Natasha Nadel is a kosher and vegan writer, cook and mom, living in Potomac, MD with her omnivorous husband and two children. She blogs at Healthy Family, Healthy You, where she reminds readers, “Don’t Forget About the You!”
Only after Pati Jinich got her dream job as a policy analyst did she realize, with a nudge from her husband, that food is really her first love. Nostalgia for her childhood meals in Mexico City inspires her mission to teach true Mexican cooking through classes, her public television show Pati’s Mexican Table and her blog and cookbook.
Paul Entis, JFE director, is passionate about all things culinary: good food, kitchen gadgets, hosting brunches, ordering artisanal ingredients online, adapting recipes, watching Top Chef, you name it. He’s worked in the nonprofit world for close to 20 years as a fundraiser, event planner, administrator and program director. Paul served as the Site Director for AVODAH: The Jewish Service Corps’ DC site and Hillel Director at the University of Southern California and UMass/Amherst. He is interested in food as a social justice issue and volunteers at N Street Village helping prepare a monthly meal for the agency’s clients.
French-trained pastry chef Paula Shoyer wrote The Kosher Baker: Over 160 Dairy-Free Recipes from Traditional to Trendy to start a kosher baking revolution. A former attorney, Paula teaches baking in DC and across the US and Canada. A frequent guest on local and national television and radio, her second book, The Holiday Kosher Baker, was released October 2013.
The Jewish Historical Society of Greater Washington and its Lillian & Albert Small Jewish Museum preserve, chronicle and present the story of the local Jewish community through archival collections, exhibits, educational programs, publications, and the restoration and preservation of the oldest synagogue building in the nation’s capital. The Museum is located in the historic 1876 Adas Israel Synagogue—the oldest in the Washington, DC, area. The synagogue is listed on the National Register of Historic Places, the DC Inventory of Historic Sites (PDF), and the Historic American Buildings Survey. It is an Official Project of the Save America’s Treasures program.
Rachel is a writer, cook, chocolatier and self-described celebrationist. She loves to create memorable, fun and delicious experiences through imaginative food and menus. Writing about the recipes, and occasions they are prepared for, is her way of savoring the memories long after the dishes have been washed. Find Rachel’s stories and recipes on her website.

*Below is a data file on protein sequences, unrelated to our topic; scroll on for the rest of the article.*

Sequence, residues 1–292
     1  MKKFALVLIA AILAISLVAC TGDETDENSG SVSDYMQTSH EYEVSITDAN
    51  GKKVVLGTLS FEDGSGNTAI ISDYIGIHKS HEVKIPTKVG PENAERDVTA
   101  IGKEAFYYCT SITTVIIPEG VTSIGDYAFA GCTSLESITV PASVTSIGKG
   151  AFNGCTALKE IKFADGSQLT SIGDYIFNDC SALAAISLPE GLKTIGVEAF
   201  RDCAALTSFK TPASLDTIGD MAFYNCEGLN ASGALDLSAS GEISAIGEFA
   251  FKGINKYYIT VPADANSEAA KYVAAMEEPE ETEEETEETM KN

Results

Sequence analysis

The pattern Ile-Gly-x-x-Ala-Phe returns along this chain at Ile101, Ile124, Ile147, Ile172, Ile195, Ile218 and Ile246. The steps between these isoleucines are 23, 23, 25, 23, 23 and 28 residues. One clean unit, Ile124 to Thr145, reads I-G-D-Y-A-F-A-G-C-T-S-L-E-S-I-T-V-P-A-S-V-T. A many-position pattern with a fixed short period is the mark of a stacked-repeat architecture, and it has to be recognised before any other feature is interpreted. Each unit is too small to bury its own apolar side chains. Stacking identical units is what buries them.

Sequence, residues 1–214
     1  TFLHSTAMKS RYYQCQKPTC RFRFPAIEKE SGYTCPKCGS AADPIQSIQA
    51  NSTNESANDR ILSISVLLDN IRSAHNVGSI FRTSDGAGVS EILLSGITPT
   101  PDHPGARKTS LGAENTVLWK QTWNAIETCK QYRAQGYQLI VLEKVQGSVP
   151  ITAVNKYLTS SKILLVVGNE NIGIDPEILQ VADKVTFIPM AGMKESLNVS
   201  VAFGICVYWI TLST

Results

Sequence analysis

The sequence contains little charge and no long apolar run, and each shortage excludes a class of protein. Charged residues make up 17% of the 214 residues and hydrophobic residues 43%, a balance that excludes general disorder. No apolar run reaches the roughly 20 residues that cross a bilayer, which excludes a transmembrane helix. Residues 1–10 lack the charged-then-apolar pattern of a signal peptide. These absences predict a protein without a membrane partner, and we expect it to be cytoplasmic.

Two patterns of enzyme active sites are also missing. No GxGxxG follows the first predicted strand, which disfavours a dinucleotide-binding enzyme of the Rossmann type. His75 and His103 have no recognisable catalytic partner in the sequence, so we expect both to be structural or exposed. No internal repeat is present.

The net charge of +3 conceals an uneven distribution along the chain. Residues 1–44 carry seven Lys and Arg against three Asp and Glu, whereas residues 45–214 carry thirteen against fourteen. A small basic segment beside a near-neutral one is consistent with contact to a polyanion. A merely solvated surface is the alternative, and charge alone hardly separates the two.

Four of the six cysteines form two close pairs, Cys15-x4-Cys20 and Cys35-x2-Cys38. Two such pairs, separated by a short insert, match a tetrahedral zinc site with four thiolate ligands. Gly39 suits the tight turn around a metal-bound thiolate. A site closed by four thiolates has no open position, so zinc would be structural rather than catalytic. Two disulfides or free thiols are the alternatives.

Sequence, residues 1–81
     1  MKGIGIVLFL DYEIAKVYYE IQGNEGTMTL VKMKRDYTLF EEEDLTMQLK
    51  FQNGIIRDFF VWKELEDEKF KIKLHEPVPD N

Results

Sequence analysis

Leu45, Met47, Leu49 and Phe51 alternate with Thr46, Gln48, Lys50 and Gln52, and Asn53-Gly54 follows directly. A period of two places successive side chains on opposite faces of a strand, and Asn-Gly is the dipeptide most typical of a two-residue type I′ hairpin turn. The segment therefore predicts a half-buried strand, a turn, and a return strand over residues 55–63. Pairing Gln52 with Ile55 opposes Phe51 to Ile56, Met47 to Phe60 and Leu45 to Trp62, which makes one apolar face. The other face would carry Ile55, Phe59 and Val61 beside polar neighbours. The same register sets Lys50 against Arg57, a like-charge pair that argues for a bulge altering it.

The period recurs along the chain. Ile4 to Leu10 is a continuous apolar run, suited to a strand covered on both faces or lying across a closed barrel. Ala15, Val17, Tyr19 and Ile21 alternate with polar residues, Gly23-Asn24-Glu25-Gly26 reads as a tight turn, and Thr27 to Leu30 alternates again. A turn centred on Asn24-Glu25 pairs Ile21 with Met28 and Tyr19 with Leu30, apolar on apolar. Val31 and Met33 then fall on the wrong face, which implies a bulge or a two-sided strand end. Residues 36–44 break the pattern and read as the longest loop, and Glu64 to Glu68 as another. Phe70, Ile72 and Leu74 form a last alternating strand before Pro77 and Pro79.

Sala Levin is a writer for Moment Magazine, the nation’s largest independent Jewish publication, covering Jewish politics, culture and religion. She’s written about Israeli street food, Jewish ghosts, famous heretics and much more. Sala first fell in love with cooking in college, when 11 am classes left her lots of time to putter in the kitchen. Now, she’s more often found bookmarking her favorite recipes online and trying frantically to cook them all in her free time.
Sam Rosenbaum is volunteer coordinator at The Jewish Federation of Greater Washington’s Jconnect. He has worked with volunteers, students and clients in a community service setting since 1998. Originally from Canada, he joined The Jewish Federation of Greater Washington in 2004 to begin the Jewish Volunteer Connection volunteer clearinghouse, which has grown into Jconnect, a comprehensive community outreach program. He lives in Silver Spring, MD with his wife, daughter, and two cats.
Sam Bass has been involved with the Jewish Historical Society of Greater Washington since 2011 and currently serves as program coordinator. She is responsible for educational programs and tours, special events and membership outreach. A Wisconsin native, she loves frozen custard and all things food-related, which she documents on her food history blog.
Inspired to get involved in the local food movement, Sara Polon (Soupergirl), together with her mom (Supermom), launched Soupergirl, creating healthy, kosher, vegan soups, which are available at their DC store, several other locations around town and by delivery.
Shaina Shealy (daughter) is currently spending a year in Jerusalem where she’s exploring abundant vegetables at Israel’s many markets and studying for a Masters Degree in Islamic and Middle Eastern Studies at Hebrew University in conjunction with The George Washington University. She’s prone to existential crises every two weeks and spends 20 percent of her 20-something life washing, peeling, cooking or eating vegetables. Known to throw elaborate dinner parties with her housemates, her pantry is always stocked with extra virgin coconut oil, tahini, raw almonds and Himalayan sea salt. She hates olives.